We are accustomed to the idea that it feels good when we are validated and acknowledged by others. When another person validates my feelings or experience, I feel good. I think some people might even say that being validated could make a person happy. What we see in this verse is that validation actually makes the validator happy!

When the farmer sees the crops are growing, the farmer feels validated. All the hard work and all the fears of uncertainty were not in vain. The farmer feels validated by God. That feels great — but that’s not happiness.

Real happiness comes when the farmer validates and acknowledges God. The farmer verbalizes the internal feelings of appreciation and this makes the farmer happy. Now the farmer is happy.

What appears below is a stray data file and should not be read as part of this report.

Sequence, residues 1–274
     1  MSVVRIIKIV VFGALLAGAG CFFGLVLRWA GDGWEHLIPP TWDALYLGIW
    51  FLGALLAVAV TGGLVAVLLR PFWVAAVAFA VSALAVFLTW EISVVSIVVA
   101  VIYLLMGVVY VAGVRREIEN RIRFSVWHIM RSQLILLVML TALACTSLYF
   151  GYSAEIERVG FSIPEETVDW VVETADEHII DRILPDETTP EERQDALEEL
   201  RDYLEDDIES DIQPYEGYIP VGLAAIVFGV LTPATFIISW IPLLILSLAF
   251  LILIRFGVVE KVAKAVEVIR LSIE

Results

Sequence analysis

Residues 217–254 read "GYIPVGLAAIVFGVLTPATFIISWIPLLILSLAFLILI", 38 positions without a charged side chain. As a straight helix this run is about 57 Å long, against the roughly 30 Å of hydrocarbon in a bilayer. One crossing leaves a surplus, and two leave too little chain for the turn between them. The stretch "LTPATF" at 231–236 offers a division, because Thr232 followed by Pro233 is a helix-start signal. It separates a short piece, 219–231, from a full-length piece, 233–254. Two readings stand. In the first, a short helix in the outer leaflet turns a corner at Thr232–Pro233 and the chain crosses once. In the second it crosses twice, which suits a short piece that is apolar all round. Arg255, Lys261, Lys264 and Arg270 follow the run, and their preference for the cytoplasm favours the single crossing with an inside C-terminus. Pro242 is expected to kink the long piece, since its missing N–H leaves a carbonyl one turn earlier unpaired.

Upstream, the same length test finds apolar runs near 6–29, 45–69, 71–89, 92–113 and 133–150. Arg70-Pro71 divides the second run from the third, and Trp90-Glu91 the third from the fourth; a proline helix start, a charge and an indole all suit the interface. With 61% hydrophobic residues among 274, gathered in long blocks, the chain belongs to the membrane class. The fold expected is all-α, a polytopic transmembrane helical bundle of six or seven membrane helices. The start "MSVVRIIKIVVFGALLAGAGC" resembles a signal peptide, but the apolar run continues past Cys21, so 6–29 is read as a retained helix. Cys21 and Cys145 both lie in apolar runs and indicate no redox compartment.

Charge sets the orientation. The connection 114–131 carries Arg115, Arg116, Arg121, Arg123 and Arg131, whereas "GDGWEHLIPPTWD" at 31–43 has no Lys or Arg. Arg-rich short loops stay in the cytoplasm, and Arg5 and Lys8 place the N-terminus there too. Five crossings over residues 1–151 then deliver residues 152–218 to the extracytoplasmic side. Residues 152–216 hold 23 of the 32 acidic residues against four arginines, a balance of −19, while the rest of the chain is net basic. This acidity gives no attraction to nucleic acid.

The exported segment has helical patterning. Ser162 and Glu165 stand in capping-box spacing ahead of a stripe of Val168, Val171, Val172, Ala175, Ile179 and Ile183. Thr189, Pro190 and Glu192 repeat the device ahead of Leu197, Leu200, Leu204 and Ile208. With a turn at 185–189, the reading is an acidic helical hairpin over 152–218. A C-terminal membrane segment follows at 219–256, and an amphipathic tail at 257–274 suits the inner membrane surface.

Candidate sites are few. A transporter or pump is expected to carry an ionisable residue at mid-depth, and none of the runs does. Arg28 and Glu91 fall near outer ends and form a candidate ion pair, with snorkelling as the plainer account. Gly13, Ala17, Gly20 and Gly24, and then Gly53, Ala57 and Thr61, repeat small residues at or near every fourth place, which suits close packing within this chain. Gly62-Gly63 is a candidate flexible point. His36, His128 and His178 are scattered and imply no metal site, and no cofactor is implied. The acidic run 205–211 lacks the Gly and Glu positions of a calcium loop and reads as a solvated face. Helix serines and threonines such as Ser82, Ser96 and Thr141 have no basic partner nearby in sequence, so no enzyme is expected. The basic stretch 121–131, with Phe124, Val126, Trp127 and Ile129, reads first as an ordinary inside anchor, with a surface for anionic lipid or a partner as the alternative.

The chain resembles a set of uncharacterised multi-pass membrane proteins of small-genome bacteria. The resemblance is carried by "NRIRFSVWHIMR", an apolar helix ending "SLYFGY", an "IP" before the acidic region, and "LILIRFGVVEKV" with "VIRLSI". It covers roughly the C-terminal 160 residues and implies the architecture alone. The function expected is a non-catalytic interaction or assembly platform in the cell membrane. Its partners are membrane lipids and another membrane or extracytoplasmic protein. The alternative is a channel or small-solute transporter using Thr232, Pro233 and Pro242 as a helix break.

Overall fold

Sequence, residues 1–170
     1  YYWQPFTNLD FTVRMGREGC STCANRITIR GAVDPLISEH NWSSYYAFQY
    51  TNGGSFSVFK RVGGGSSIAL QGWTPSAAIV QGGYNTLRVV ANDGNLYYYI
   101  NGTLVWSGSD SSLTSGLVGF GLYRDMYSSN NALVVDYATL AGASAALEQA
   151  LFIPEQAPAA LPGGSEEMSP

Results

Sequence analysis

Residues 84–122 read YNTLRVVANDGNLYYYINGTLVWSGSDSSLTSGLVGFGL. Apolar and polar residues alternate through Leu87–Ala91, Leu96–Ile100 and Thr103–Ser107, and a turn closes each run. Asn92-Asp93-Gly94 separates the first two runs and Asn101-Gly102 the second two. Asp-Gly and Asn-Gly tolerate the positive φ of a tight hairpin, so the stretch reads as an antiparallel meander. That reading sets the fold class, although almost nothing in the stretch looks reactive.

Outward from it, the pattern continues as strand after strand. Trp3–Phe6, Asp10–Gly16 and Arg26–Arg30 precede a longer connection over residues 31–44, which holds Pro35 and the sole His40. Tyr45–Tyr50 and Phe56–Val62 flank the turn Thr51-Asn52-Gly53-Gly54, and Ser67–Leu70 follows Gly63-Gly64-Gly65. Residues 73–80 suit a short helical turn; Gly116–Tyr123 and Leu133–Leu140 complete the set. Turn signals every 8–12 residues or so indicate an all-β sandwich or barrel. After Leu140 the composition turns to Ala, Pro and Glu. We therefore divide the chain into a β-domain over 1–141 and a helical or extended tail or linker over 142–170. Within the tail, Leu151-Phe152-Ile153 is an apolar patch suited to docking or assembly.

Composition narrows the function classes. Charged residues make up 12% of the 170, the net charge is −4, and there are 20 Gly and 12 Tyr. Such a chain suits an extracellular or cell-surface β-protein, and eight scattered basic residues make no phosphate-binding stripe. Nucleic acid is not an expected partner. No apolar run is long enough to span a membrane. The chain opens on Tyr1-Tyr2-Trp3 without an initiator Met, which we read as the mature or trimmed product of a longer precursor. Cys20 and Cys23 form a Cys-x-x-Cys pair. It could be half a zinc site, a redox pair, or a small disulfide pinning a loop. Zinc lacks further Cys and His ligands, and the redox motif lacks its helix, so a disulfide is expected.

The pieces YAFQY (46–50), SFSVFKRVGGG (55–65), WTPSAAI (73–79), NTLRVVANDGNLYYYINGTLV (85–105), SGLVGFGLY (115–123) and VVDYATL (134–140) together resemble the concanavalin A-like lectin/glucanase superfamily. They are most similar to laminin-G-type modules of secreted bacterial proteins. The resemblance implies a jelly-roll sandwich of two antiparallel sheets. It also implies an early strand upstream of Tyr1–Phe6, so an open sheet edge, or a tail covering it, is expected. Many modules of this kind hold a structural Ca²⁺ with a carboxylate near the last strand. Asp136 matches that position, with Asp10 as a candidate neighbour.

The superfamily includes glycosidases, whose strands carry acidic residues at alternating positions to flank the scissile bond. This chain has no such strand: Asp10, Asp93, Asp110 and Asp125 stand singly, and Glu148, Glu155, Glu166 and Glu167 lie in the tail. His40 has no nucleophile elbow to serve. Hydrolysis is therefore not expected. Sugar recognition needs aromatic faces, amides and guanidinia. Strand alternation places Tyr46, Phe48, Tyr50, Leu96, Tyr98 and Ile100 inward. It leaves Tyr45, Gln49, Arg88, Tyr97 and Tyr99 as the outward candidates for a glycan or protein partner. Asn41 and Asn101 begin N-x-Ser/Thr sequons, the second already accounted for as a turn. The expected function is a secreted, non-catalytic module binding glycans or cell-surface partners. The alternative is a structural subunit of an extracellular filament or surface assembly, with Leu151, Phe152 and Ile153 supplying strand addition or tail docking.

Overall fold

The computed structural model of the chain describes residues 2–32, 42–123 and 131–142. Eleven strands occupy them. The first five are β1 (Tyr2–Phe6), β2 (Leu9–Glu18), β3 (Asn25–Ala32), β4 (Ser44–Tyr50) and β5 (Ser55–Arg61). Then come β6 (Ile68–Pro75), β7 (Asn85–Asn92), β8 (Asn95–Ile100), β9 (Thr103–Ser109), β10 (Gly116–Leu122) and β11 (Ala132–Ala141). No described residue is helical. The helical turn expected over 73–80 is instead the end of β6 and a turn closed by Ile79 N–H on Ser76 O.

This is the secret of Bikkurim. In order to maximize the farmer’s harvest experience and to feel the greatest elation possible, the Torah commands the farmer to acknowledge the Source of the harvest. That is what will give the farmer the greatest joy.

It is so important that we feel validated in our lives. We definitely feel good when we are acknowledged by others, but it is not the key to happiness. True happiness is when we give that validation to others.

The message here is not that God is the Giver of all things. That’s a given in the context of the Torah. The message here is that whenever we are the beneficiary of kindness or generosity, we have an opportunity to create happiness. If we acknowledge the giver, we make the giver feel good, but we also make ourselves happy.